I would go further than this analysis by Soave and argue that “woke capitalism” IS conservatism at this point if by conservatism we mean someone that wants to defend the interests of the existing ruling class and political status quo. Those who oppose “woke capitalism” from the right are reactionaries, i.e. those who want to “turn back the clock,” with the question being one of how far back to set the clock. The George W. Bush-era for some, the Reagan era, the 1950s, the 19th century, the antebellum period, 1776, the Reformation, the Middle Ages, or Roman Empire for others.
By Robby Soave, Reason
It will be coopted by regulation-loving progressives who oppose capitalism, not wokeness.
Conservatives feel besieged in the culture war. Large corporations that previously seemed at least somewhat ideologically more sympathetic to Republican views have moved openly left. Amazon, Starbucks, American Express, and countless other big businesses criticized Republican efforts in Georgia to restrict voting rights, and Major League Baseball (MLB) moved the All-Star Game out of the state.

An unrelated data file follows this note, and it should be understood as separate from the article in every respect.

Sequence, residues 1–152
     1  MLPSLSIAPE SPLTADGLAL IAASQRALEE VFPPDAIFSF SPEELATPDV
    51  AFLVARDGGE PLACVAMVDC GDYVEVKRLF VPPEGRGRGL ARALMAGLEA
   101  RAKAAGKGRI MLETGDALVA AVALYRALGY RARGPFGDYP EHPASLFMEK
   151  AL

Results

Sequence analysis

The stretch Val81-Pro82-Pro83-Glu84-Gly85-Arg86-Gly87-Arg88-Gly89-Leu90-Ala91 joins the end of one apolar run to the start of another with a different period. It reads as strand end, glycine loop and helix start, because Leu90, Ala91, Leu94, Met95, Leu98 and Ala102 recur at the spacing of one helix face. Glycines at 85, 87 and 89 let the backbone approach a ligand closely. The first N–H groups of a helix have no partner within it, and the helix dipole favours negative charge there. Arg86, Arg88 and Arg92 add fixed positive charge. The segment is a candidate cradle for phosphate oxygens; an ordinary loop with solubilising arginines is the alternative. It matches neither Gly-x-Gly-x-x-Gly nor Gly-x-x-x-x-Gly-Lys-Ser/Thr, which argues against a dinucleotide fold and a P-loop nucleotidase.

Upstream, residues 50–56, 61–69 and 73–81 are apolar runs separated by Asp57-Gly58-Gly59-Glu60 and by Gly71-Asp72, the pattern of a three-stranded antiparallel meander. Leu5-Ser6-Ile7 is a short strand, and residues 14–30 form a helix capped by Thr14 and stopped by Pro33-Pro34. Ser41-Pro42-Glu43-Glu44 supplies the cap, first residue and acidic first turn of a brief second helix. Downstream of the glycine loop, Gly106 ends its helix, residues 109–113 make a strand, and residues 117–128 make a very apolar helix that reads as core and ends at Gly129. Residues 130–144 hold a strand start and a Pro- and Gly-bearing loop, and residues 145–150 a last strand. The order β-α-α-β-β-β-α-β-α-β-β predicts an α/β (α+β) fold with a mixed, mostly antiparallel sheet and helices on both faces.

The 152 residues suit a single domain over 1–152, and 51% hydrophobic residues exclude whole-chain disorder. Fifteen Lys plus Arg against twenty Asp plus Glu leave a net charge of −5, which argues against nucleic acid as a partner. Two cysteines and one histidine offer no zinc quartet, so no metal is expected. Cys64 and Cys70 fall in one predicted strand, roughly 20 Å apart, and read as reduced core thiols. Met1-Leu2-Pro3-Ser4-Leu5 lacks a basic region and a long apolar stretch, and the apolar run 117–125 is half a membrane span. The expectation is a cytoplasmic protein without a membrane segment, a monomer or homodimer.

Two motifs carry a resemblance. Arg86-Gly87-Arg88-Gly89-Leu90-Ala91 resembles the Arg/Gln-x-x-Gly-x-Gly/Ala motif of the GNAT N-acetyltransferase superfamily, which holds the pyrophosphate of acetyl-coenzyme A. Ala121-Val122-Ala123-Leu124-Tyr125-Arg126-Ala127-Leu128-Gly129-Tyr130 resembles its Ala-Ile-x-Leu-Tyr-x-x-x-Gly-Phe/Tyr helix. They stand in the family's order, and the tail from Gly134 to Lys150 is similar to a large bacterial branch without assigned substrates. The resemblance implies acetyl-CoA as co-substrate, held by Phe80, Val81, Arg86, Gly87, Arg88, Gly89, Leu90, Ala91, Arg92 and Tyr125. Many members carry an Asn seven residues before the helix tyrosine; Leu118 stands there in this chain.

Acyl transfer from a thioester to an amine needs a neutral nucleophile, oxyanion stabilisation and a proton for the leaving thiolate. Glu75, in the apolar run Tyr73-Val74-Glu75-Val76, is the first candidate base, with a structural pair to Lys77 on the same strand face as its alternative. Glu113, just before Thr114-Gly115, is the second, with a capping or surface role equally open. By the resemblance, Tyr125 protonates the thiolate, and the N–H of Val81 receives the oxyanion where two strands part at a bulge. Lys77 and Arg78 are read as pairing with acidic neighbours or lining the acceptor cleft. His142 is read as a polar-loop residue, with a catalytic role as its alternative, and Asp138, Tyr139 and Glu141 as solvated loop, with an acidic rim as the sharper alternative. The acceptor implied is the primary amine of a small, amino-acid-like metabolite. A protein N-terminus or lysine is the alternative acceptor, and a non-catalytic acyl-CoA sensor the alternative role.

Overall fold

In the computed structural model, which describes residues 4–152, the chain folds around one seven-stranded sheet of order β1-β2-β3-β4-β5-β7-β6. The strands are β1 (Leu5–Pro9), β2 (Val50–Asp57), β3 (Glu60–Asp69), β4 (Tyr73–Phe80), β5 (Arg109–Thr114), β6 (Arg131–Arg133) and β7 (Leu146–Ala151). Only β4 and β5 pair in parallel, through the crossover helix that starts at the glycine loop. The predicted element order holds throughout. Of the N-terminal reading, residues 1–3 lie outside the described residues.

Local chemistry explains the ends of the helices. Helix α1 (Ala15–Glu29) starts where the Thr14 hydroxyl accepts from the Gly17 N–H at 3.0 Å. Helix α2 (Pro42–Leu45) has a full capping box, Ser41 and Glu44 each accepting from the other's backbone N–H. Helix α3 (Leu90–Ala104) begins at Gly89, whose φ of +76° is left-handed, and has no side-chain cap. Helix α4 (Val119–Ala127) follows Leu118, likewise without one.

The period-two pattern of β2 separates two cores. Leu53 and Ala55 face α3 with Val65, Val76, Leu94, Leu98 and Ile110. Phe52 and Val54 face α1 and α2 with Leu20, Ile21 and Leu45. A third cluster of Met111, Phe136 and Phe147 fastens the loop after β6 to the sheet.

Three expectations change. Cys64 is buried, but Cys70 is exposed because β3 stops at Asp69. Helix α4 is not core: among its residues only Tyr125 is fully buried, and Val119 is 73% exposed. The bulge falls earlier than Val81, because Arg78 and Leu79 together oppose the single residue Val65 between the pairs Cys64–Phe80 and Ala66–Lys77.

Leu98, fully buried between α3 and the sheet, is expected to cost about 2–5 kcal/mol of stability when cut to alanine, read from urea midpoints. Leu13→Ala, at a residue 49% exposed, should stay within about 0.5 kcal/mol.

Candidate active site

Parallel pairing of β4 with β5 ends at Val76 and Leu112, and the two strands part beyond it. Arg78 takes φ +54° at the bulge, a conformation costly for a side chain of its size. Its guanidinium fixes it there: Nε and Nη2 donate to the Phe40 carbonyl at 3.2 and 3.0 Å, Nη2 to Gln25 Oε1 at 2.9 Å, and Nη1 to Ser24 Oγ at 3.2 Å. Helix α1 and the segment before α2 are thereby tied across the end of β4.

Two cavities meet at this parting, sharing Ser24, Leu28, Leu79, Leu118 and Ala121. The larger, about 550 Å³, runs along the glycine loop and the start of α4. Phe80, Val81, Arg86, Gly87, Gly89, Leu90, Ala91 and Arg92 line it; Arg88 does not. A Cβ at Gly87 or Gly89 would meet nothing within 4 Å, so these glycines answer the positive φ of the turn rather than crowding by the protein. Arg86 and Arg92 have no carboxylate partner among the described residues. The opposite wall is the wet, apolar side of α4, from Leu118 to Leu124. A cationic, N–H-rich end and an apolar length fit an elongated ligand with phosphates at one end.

In response, conservatives are considering retaliation: Republicans might strip the MLB of its antitrust exemption and repeal certain tax breaks. The intellectual leaders of the new political right also occasionally discuss loftier schemes: breaking up large companies like Amazon entirely, taking away the broad liability protections enjoyed by Facebook and Twitter, and various legislative remedies.
The problem for the opponents of “woke capital” is that many of these proposals would either fail outright or cause worse problems than the ones they intend to solve. For instance, vesting the federal government with enhanced power to split apart massive tech companies on antitrust and anti-monopoly grounds—an approach favored by Sen. Josh Hawley (R–Mo.)—would do little to tackle the issue of social media sites censoring conservative users. But it would expand the state, empower traditional media, and in general harm the profits of private businesses, which is probably why it’s a strategy beloved by progressives in the mold of Sen. Elizabeth Warren (D–Mass.).